“So every major studio and TV station that I went to said no to the project. Then I lost my mother two years ago, and before she passed away, she suffered dementia herself.
“Whenever I talk with my contemporaries, the topic always seems to come around to ‘What do we do about our aging, ailing parents?’ I think this is a film that Japanese society needs. So I ultimately decided that I would raise the funds and make it independently.”
Yoko Takahashi: “[Returning to acting after a 28-year break was] like getting back on a bicycle: once you learn, you never forget how to ride.
“It didn’t seem like a long hiatus to me. But when the director asked me to play the role, I did have to think twice. I didn’t have a lot of lines, and I would have to play this person who’s ailing. So I hesitated.
“With the issue of dementia, you often hear about people becoming increasingly irritable, about them wandering and essentially becoming troublemakers.
“But Mr Sasabe wanted me to make Yaeko charming [too], and that’s what really attracted me to the role. But it was a lot easier to play her when she’s aggressive.”
Takeshi Masu: “To tell you the truth, I couldn’t figure out how to approach the role because it was so starkly different from my past roles.
“But when I went on set, Yoko-san was there as Yaeko, being really charming, and that helped me want to be as kind to her as possible.
“I played someone who starts at 40 and ages up to 80, so I [had] to carefully gauge how slowly to walk or to speak for each scene, so that it would all seem seamless when edited together.”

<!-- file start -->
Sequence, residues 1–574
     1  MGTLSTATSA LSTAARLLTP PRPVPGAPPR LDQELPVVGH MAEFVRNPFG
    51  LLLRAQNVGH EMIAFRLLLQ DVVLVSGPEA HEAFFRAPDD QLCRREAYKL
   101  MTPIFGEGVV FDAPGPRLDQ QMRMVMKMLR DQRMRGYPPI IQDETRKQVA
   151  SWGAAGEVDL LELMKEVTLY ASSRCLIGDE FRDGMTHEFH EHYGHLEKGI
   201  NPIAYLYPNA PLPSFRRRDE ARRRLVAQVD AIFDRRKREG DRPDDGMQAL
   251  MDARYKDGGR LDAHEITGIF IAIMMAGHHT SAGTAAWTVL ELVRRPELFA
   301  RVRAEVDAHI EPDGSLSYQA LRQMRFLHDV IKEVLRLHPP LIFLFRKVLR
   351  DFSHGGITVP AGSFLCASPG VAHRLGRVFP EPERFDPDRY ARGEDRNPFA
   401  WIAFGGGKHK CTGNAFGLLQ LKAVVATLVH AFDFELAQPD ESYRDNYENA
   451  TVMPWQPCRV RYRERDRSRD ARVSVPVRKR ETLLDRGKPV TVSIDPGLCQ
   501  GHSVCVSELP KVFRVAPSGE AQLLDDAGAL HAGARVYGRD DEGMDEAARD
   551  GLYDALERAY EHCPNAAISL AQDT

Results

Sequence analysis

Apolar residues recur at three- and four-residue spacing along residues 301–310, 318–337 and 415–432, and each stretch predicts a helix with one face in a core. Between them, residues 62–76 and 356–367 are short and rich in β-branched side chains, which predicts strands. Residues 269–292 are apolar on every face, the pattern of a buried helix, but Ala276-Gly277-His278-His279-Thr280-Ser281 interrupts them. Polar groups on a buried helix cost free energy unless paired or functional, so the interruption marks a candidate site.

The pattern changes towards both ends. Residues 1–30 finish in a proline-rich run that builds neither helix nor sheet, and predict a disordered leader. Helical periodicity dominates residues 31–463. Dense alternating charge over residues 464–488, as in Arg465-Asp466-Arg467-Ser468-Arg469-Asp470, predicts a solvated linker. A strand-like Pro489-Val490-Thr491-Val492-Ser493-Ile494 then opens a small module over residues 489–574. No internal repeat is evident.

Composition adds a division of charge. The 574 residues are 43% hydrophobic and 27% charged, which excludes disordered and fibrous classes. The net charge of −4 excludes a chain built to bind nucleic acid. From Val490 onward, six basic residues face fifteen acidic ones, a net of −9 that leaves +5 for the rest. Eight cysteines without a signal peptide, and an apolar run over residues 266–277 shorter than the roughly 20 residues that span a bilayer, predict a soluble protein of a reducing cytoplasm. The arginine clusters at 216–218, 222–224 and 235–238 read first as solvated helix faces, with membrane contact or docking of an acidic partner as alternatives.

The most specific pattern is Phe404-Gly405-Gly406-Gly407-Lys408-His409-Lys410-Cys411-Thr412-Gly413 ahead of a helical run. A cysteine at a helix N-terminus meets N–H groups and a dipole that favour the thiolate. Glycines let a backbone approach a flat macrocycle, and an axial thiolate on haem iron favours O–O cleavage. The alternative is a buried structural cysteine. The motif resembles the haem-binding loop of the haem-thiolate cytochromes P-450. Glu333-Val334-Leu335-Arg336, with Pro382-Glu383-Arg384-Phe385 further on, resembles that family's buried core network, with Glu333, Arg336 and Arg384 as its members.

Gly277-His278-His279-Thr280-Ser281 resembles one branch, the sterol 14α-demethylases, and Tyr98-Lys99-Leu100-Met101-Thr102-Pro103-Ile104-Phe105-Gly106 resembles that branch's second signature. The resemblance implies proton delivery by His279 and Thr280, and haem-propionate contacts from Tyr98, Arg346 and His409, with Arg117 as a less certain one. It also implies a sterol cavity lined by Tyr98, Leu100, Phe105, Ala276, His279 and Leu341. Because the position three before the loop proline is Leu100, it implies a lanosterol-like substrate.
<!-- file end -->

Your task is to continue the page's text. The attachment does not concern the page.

Sasabe: “I didn’t want to depict the harsh reality of caregiving. There are so many documentaries about that out there. I wanted to make a film about how love prevails.
“I wanted it to be a pure love story about this elderly couple, represented by the line, ‘There are limits to anger, but kindness is limitless.’ I want you to see this film as a sort of fantasy. I wanted to depict [Seigo] as a kind of superhero. It’s about dreams and about hope.”
Kiyoshi Sasabe made his directorial debut in 2002 and has released such noteworthy titles as The Stars Converge, which received the Directors Guild of Japan New Directors Award in 2003; Half a Confession, which won the Japan Academy Prize for best picture in 2004; Sea Without Exit, Yunagi City, Sakura Country, The Legacy of the Sun, My SO Has Got Depression and Tokyo Refugees.
Takeshi Masu made his film debut in 1981 in Gaki Empire and has appeared in a vast range of film and television roles. His film resume includes Nin x Nin: Ninja Hattori-kun, the Movie, Summer Time Machine Blues, Go Find a Psychic! Perfect Blue and Peach Girl. He first worked with Kiyoshi Sasabe on Gunjoiro no Torimichi in 2015.
Yoko Takahashi made her memorable film debut in Koichi Saito’s Journey into Solitude in 1972, and appeared in Kei Kumai’s Sandakan 8 and Shuji Terayama’s Farewell to the Ark before publishing her first novel in 1981 and winning a newcomer award. She has published a dozen novels, and came out of her 28-year acting retirement for Yaeko’s Hum.
Where it’s on
The theatrical rollout begins May 6 in Japan. Look for it at Asian specialty festivals.